UFC 241 takeaways, results: Stipe Miocic makes epic championship adjustment, Nate Diaz remains the best
The main card delivered some incredible finishes and talking points to go over
It took a bit for UFC 241 to pick up steam, but once it got going, fans were treated to some compelling fights. We have a new heavyweight champion, a threat to the welterweight division after three years of inactivity and a pair of middleweights who might need to run it back after a wild brawl.
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Let's take a closer look at what we learned coming out of the UFC 241 event Saturday from Honda Center in Anaheim, California.
1. Stipe Miocic made one of the greatest adjustments in championship history. Miocic and Daniel Cormier seemed well on their way to making it to the judges' scorecards. Both men had landed heavy shots throughout the fight and neither seemed to take much of a step back for the first three rounds.
As the fight hit the championship rounds, something clicked for Miocic and he began digging hard left hands to Cormier's ribs. Punch after punch landed to DC's body and his hands slowly came down to guard against the challenger's attack.
That's when one final Miocic body shot opened the champ up for a follow-up flurry of punches to the head that left Cormier slumped against the cage, Miocic dancing a jig and the UFC with a new heavyweight king.
The kind of adjustment Miocic made is a perfect example of why he is the best heavyweight in the world. And a big reason to think he may hold the belt for a very, very long time.
2. Nate Diaz still doesn't want lame fights. Diaz had no business looking as sharp as he did against Anthony Pettis in the co-headliner. He'd been out of the cage for three years, seemingly uninterested in any fight except the very few that were on his wish list.
A return from that type of layoff against a quick, dynamic fighter like Pettis is usually the last thing a fighter would want. But Diaz isn't a normal fighter, and a fight with someone like Pettis is exactly what got Diaz interested in returning to the Octagon. After all, Diaz said he was looking to avoid the "lame" fighters who'd taken over the sport in recent years.
Diaz, who became a transcendent personality and fighter with his win (and subsequent close decision loss) against Conor McGregor in 2016, could be positioning himself for a shot at the welterweight title after impressively battering Pettis for three rounds. His name value is high and beating Pettis was legit. Instead, he wants a fight with Jorge Masvidal because "there ain't no gangsters in this game anymore. There ain't nobody to ride but me and him."
I'm not surprised…
3. Paulo Costa is legit … but so is Yoel Romero. It may take a re-watch to confirm, but the gut feeling after the final bell in the middleweight scrap between Yoel Romero and Paulo Costa was that Romero had handed his younger opponent his first pro loss. The live crowd reaction following the announcement of three 29-28 scorecards for Costa was heavily composed of boos, but neither man should feel down after their wild brawl.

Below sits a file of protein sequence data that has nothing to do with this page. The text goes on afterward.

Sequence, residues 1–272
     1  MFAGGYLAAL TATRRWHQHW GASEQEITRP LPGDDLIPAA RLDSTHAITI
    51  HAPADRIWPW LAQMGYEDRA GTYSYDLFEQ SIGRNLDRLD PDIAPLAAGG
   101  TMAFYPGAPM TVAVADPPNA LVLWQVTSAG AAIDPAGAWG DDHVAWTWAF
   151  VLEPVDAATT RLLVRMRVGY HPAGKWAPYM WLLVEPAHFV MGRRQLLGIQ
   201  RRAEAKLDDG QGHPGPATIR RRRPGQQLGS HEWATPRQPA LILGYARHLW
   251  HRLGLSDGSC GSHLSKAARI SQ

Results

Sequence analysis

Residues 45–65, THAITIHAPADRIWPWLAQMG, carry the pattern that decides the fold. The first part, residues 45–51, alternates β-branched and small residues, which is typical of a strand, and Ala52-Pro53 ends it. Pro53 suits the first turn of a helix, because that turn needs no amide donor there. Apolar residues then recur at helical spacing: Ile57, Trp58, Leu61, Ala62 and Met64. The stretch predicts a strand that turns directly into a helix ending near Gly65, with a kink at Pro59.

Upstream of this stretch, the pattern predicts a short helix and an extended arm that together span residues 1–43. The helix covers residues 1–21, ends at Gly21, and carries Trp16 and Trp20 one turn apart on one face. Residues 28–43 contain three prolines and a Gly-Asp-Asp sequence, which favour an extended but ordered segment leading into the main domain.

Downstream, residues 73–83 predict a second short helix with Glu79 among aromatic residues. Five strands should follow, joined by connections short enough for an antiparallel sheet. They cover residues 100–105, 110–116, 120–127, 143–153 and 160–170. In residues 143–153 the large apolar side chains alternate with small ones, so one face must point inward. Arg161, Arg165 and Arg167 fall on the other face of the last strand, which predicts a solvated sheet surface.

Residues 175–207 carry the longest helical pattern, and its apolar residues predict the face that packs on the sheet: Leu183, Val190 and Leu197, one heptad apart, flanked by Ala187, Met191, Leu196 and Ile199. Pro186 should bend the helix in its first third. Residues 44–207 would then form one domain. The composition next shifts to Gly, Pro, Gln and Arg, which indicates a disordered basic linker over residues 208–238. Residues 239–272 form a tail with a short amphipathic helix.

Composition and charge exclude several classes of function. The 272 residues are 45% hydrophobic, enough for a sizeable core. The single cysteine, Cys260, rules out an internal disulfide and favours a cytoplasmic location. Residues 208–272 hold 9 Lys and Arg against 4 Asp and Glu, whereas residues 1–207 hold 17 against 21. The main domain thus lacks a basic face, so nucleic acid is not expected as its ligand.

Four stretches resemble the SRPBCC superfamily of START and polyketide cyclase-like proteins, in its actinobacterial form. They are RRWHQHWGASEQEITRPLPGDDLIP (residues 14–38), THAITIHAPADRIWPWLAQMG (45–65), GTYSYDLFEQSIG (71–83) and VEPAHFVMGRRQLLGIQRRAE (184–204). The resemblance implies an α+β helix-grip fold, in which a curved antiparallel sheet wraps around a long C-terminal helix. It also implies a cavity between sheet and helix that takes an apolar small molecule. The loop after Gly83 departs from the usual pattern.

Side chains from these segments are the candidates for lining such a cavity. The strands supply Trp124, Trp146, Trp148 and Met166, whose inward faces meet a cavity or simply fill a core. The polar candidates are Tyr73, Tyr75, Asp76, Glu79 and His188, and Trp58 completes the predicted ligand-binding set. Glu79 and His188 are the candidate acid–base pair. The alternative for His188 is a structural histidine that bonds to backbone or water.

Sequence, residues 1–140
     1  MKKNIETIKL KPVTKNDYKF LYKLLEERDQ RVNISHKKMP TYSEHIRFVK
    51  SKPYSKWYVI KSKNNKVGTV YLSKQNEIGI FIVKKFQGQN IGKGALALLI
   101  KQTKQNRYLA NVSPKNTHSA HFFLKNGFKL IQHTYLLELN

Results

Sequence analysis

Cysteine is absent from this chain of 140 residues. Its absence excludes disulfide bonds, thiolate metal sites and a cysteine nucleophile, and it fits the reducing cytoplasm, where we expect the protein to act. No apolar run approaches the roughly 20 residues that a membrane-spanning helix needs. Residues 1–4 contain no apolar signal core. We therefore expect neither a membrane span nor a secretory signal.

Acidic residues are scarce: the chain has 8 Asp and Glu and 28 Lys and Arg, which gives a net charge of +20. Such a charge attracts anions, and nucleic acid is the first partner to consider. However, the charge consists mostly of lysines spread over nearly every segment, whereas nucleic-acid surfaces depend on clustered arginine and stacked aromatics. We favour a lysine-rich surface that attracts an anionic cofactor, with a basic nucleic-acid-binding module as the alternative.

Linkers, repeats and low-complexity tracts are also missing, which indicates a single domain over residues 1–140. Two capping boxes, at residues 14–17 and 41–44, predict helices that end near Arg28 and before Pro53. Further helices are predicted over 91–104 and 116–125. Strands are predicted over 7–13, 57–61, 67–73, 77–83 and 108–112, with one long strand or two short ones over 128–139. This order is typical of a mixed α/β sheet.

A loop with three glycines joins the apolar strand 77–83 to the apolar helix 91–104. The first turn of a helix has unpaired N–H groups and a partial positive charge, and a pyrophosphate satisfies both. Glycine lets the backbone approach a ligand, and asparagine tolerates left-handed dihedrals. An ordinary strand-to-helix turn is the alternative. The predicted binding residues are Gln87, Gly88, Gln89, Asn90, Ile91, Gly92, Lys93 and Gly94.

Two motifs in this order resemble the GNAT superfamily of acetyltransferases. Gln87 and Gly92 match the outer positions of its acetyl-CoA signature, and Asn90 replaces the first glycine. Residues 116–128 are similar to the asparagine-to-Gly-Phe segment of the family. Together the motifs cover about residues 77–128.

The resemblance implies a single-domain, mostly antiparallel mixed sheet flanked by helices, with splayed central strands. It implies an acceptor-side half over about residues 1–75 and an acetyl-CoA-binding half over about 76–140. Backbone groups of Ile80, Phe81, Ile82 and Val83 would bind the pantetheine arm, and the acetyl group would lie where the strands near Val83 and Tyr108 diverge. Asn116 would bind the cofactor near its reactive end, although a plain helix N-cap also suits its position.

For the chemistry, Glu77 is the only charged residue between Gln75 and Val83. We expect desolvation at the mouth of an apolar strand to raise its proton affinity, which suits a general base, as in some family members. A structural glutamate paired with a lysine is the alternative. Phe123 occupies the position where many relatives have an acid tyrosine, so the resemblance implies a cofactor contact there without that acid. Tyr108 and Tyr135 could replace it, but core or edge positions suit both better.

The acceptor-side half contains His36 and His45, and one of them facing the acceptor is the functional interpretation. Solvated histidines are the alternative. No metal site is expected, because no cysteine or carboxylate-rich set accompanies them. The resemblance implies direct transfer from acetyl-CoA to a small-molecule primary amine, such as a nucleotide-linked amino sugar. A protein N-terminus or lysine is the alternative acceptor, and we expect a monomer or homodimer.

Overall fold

Costa came out hard and landed several shots that would have ended the night for the majority of the UFC's middleweight roster. The same can be said for Romero. But it was Romero's composure and endurance that helped him win more and more exchanges in the second half of the fight.
Costa entered the night ranked No. 7 in the division, Romero No. 2. Despite the result, it would be entirely valid to see Romero remain the higher ranked fighter as Costa shuffles upward.
Maybe a five-round main event rematch down the road would sort things out between the two.
4. If Derek Brunson is a gatekeeper, he's going to keep a hell of a gate. Ian Heinisch entered his middleweight clash with Derek Brunson as the favorite. Heinisch was the new model at 185 while Brunson was on his way out -- or at least that was the storyline.
Instead, where Brunson used to burn hot for one round in an all-or-nothing effort, he showed patience and thoughtfulness in his approach to the fight. Heinisch was the one who burned out after early efforts, allowing Brunson 2.0 to slowly turn up the pressure, take over the fight and earn a clear-cut decision victory.
Brunson has always had the physical tools to be a force at 185 pounds, but he lacked the discipline to reach what many people saw as his true potential. If he's made the adjustment, Brunson has a lot of life left in the Octagon.
5. Don't sleep on all big underdogs. Khama Worthy had all the signs of a guy who would be one-and-done in the UFC. He was brought into the promotion on less than one-week's notice, had suffered numerous stoppage losses in his career, fought just three weeks prior to his Octagon debut against Devonte Smith and his nickname was "The Deathstar," something notorious in film for blowing up in a moment of crushing defeat.
These are all valid reasons to look at his +600 line at the betting window and think he's one dog worth avoiding.
But Worthy had some factors that should have been red flags for fans of Smith. The men were former training partners, so Worthy's lack of a camp was not lack of knowledge of his opponent. He'd also picked up 11 stoppage victories in his career, so he had the tools to do exactly what he did and catch Smith over-extending on a strike.
There's no reason to bet on every massive underdog in a UFC fight, but Worthy gave fans a reminder to dig a little deeper on unfamiliar names making short-notice debuts.
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